Payday loans seem to be everywhere these days. The industry is huge—there are more payday loan centers than McDonald’s. According to the Federal Reserve Bank of St. Louis, close to 12 million Americans use payday loans each year. And that’s no surprise, considering four out of every ten Americans don’t have savings to cover a $1,000 emergency.
If you’re considering using one for an emergency cash need, it’s crucial that you understand how payday loans work. It’s also important to understand how and why they may hurt your financial situation rather than help it.
Table of Contents:
What is a payday loan?
Payday loans are short-term loans that are meant to provide emergency cash. You can borrow a small amount of money—generally no greater than $1,000—with no credit check or lengthy loan underwriting process. So, you can get the cash you need quickly, even if you have bad credit.
The loan amount, along with fees, will typically be due within two weeks or by your next payday, whichever comes first. Other payday lenders use a process known as deferred deposit, where you post-date a check they can cash at the specified time.
The trouble with payday loans is that they can be a very expensive way to borrow money. All that convenience of no credit check and fast cash comes at the price of high interest and finance charges. This is especially true if you don’t pay back the full amount and finance changes by your next payday.
Payday loans vs other fast-cash products
While payday loans, short-term installment loans, and cash advance loans are often categorized as being the same or similar, there are a few differences that are worth noting:
|Payday Loans||Credit Card Cash Advance||“Short-Term” Installment Loans|
|A short-term loan that comes with few application requirements and a quick turnaround time. In-store or online.||Short-term cash you take borrow through a credit card.||Be careful. A “short-term” installment loan is just a payday loan, as is a “cash advance loan”.|
|Can withdraw the entire amount, though usually no more than $1,000 (excluding Oregon, which has a $50,000 limit.||Not allowed to withdraw the entire portion.||Interest rates on personal loans will be much better than on any payday loan, even with bad credit.|
|You can “rollover” the loan and pay on your next payday, though with more interest and late fees. Interest rates are normally around 400% APR on average.||Accrues interest immediately but can carry debt long-term. Interest rates of 24% APR on average, but can be much higher if you have bad credit||A broader category usually includes loans with longer terms. Any legitimate personal installment loan will require a credit check and a lengthy loan application process.|
|Finance charges average $30 for every $100 borrowed with interest rates as high as 400-500%||Typically, 3-5% of the advance with a minimum fee of $10||Same as payday loans.|
How payday loans work
Payday loans work differently from other personal loan products. Each state has their own set of laws pertaining to payday loans, dictating how much you can borrow and how much a lender can charge in interest and fees. In some states that we list below, you can’t get a payday loan at all.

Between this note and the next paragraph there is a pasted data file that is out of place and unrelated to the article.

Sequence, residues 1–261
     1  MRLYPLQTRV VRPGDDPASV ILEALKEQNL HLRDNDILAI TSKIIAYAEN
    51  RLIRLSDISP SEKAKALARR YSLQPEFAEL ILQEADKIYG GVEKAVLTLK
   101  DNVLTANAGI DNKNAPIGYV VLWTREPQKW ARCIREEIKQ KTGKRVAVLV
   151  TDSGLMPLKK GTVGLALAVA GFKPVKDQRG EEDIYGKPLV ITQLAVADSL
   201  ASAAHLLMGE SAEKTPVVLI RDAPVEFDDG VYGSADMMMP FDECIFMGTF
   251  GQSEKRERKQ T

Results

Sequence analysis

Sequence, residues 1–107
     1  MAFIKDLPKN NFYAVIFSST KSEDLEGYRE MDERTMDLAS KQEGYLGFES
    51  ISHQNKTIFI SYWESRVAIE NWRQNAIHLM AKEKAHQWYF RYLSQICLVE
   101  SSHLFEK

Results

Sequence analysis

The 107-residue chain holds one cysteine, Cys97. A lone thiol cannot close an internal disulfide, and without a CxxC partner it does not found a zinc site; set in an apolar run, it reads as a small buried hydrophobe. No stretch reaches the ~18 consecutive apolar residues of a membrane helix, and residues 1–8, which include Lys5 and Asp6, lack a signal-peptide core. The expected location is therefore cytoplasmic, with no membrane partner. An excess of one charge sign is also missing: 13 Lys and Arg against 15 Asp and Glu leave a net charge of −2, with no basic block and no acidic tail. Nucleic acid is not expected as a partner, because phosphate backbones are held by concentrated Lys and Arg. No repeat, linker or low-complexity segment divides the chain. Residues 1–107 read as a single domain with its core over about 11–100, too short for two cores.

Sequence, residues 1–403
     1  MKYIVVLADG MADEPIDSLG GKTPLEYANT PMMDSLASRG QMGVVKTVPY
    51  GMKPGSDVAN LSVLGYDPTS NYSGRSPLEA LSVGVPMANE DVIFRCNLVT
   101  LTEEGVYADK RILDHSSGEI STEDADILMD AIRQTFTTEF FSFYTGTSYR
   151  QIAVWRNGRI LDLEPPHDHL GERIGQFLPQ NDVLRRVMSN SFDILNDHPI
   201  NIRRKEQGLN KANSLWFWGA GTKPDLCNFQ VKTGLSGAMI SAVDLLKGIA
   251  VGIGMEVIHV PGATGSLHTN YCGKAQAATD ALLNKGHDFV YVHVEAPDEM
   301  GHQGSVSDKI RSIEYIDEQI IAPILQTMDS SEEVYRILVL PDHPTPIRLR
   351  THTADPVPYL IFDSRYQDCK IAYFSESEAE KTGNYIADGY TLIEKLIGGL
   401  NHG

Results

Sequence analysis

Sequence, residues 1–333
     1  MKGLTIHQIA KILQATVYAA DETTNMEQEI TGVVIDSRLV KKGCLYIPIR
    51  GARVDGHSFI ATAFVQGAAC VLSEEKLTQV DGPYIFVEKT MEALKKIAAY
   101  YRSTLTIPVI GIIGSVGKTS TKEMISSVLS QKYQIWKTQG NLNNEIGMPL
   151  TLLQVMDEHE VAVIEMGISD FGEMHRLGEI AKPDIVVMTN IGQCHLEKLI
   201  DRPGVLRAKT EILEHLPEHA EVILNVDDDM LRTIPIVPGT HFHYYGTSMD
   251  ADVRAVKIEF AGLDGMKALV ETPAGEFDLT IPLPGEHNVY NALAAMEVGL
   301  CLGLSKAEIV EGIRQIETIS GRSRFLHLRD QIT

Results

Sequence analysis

You can apply for a payday loan and receive your cash in a few different ways. The process may be slightly different if you apply online versus in a brick-and-mortar storefront. But here is what you can generally expect:
- You apply for the loan online or in a store.
- You provide proof of your identity and proof of income.
- Once they verify you are eligible, you get your cash immediately.
- You receive the funds in the form of cash, a prepaid credit card or a direct deposit to your bank account.
- The money is due with finance charges in two weeks or by your next payday, whichever comes first.
- If you don’t pay the money back, you can use a rollover to keep the loan going, but this is where that 400% interest may apply.
In some cases, the amount may not be due in full within 2 weeks. There are payday lenders that offer “installment plans” which make them seem like a regular loan. You pay the amount you borrow back in shorter, fix installment payments.
Payday lenders usually require you to set up ACH withdrawal from your bank account to make payments. That means they get your bank account number and take their money out automatically. This is one of the big dangers of payday loans because they can drain your bank account dry. We’ll talk more about this issue below.
What do you need for a payday loan?
According to the Consumer Financial Protection Bureau (CFPB), to qualify for a payday loan, lenders only require borrowers to:
- Be at least 18 years of age
- Have an active checking account
- Provide proof of income and identification
You also need to live in a state that allows for payday loans. Many states have banned them because they’re a predatory loan product. These include:
- New Jersey
- New York
- North Carolina
- West Virginia
- Washington, D.C.
How payday loan interest and finance charges work
Finance charges always apply to payday loans, even if you pay the balance off on time. A typical payday loan finance charge is $30 for every $100 borrowed. So, if you borrow $500, the finance charges would be $150. You would need to pay back $650 to the payday lender.
If you don’t pay the balance off by the set date, then things quickly get more expensive with interest charges.